Gobierno Corporativo

Governance Overview and Commitment

Upholding the highest governance standards is a key priority of the Finning Board of Directors. Finning has an established tradition of excellence in corporate governance and the Board is resolute in its commitment to fulfilling its duty of accountability. The Board is also committed to building on its best practices through continuous evaluation and improvement.

Our corporate culture of integrity and respect for the Company’s stakeholders is further reinforced by Finning’s Code of Conduct which guides the actions of our directors, officers and employees.

Board Mandate

The Board of Directors has overall responsibility for Finning’s business conduct and fostering our long-term success to maximize shareholder value. The Board oversees our strategy, risk management, corporate governance policies, succession planning, safety and sustainability practices and community investment approach.

The Board is directly responsible for:

  • choosing Finning’s President and CEO, who is responsible for Finning’s day-to-day operations;
  • reviewing and approving the annual operating plan and the strategic plan, which take into account business opportunities and business risks;
  • overseeing and monitoring management’s systems for Finning’s operations;
  • monitoring and assessing Finning’s performance in meeting both short and long-term goals established by management and approved by the Board;
  • directly reviewing and approving major transactions proposed by management, including the payment of dividends and the terms for the issuance of securities and the repurchase of shares;
  • reviewing reports and recommendations from the Board committees and giving management the necessary direction;
  • reviewing the content of significant communications with shareholders and the investing public, including the management proxy circular, the annual information form, and quarterly and annual financial statements, management’s discussion and analysis and associated news releases;
  • reviewing and approving key corporate policies;
  • managing the Board’s affairs, including planning its composition, selecting the Board Chair, nominating candidates for election to the Board, appointing committees and committee chairs and determining director compensation; and
  • approving the appointment of all corporate officers and the compensation of the President and CEO.

Board Meetings

During 2023, the Board of Directors met on five occasions. At each Board meeting, the Board discusses the corporate strategy and annually has an in-depth discussion on strategy and the key strategic business risks to Finning. At every meeting, the Board holds independent sessions without management and without non-independent directors present.

Retirement and Term Limits

Pursuant to Finning’s retirement policy, when directors turn 72 years old, they are no longer eligible to stand for re-election at the next annual meeting and must retire from the Board. The Board can waive this requirement if a qualified replacement director has not been identified after a thorough search, or if the director’s retirement would have a material impact on Finning because it would mean losing a unique set of skills.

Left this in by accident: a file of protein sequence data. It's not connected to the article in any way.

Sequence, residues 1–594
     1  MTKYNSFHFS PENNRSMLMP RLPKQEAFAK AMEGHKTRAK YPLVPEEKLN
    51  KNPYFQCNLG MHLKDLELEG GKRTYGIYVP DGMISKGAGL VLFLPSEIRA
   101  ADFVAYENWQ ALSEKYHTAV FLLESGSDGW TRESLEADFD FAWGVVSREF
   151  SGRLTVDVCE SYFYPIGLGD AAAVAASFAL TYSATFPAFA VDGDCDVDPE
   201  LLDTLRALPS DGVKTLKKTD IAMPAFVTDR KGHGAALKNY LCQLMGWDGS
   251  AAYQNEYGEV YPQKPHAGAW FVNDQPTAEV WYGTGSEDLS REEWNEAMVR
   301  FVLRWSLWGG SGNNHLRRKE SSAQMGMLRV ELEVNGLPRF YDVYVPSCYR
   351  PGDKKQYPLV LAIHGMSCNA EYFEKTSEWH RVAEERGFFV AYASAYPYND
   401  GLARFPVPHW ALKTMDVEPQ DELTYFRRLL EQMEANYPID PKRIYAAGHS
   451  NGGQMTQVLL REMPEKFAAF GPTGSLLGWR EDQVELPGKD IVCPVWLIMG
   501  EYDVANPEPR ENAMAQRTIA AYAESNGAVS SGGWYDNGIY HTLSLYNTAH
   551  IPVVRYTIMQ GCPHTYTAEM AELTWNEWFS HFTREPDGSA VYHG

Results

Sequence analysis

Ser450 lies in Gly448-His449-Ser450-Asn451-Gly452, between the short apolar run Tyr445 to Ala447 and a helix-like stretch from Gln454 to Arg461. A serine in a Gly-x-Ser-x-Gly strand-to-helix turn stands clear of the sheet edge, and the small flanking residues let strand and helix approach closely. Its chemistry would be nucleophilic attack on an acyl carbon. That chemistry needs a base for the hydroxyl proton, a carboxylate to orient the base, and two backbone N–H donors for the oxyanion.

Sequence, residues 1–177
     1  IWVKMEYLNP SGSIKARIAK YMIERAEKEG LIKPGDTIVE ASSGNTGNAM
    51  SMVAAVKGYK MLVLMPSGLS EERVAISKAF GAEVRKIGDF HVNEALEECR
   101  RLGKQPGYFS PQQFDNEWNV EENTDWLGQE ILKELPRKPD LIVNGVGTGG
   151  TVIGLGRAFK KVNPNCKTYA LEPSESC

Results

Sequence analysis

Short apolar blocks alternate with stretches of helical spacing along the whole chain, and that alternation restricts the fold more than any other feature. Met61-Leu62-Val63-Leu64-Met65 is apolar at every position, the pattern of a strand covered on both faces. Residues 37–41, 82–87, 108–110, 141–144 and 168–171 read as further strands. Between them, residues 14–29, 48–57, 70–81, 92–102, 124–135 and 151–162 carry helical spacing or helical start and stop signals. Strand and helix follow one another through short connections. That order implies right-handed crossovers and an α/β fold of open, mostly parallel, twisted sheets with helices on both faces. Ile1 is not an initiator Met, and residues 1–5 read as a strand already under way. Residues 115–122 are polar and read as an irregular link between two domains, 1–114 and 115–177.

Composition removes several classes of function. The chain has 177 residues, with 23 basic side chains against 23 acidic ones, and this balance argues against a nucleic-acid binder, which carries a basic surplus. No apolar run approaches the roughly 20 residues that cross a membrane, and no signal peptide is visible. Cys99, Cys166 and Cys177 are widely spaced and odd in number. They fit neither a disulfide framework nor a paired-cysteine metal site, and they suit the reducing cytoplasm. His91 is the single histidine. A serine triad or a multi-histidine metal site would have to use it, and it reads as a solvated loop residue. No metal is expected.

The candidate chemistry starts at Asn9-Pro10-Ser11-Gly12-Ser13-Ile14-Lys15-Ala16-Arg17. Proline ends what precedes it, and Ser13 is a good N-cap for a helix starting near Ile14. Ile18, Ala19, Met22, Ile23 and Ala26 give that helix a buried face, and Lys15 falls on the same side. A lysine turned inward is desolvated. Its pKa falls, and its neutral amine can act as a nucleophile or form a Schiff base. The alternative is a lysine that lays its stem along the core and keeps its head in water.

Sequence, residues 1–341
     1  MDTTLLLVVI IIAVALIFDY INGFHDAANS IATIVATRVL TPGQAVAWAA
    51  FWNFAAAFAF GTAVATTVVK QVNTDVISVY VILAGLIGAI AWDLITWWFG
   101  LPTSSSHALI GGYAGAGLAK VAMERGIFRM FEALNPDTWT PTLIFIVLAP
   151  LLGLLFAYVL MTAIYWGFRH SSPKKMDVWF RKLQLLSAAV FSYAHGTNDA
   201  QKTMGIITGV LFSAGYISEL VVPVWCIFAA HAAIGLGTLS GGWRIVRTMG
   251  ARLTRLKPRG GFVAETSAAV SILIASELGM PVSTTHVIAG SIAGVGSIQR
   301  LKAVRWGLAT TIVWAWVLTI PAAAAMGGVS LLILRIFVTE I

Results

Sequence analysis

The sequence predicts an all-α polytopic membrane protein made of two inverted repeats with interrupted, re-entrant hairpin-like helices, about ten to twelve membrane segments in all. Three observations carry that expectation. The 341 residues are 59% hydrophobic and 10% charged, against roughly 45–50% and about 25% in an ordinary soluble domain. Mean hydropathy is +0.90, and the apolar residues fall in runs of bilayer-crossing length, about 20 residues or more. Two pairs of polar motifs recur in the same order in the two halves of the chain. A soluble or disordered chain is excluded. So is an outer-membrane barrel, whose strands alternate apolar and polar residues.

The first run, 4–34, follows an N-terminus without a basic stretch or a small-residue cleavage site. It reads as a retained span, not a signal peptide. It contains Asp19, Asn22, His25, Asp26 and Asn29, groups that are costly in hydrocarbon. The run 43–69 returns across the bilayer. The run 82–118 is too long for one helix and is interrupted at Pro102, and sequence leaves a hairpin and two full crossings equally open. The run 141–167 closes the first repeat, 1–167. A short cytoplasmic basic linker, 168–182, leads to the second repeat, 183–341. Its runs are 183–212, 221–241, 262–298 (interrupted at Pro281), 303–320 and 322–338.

The Board has not adopted term limits because it would risk losing directors with a deep understanding of Finning and its business and strategic relationships. The Board believes that it has achieved healthy renewal through ordinary turnover and its retirement policy.

The average tenure of the director nominees for election at the 2024 annual meeting is four years and seven months. Six of the thirteen director nominees have served on our Board for less than four years.

2023 Inclusion and Diversity at Finning

In 2023, we updated our global diversity equity and inclusion plan, which outlines our commitment to creating a diverse workforce where each person is respected, seen, heard and valued. We continued to invest in organizational systems and culture transformation to drive ongoing continued improvements in the diversity and inclusivity of teams. Below are highlights from this year.

·     Our Diversity, Equity and Inclusion employee experience score was 84% which is above our last employee experience score in this area (2021) and is also one point higher than the global high performing norm

·     79% of senior leaders and above have completed Conscious Inclusion training to date to build leadership capability to visibly champion our inclusion journey with their teams and be role models

·     The majority of front-line level leaders and above completed Building Respectful Teams training to build leadership capability to stand up for respect and lay the foundation for a healthier culture

·     Leaders at all levels continue to have conversations with teams to listen and learn from diverse perspectives while championing topics ranging from psychological safety, respect, anti-racism, LGBTQ+ inclusion, Indigenous inclusion and allyship

·     Leaders continued embedding Courage to Care programming into regular team meetings, reinforcing the interconnectedness of physical and psychological safety, respect, inclusion, and wellbeing

·     Employees continued to have the ability to confidentially and voluntarily self-disclose diverse identity information, including pronouns, gender identity and expression, sexual orientation, disability and ethnicity, in order to assist in the development of our programming and other initiatives to improve diversity and inclusion

·     We continue to support employee resource groups (ERGs) in Canada, the United Kingdom and Ireland. In Canada, these exist for members and allies of the LGTBQ+, Indigenous and Women’s communities. In the United Kingdom and Ireland, ERGs exist for members and allies of the LGBTQ+, Women’s, persons with disabilities and members of the armed forces communities. We also established an Allies for Inclusion group for South America. These groups support underrepresented talent and raise awareness with leaders about barriers and allyship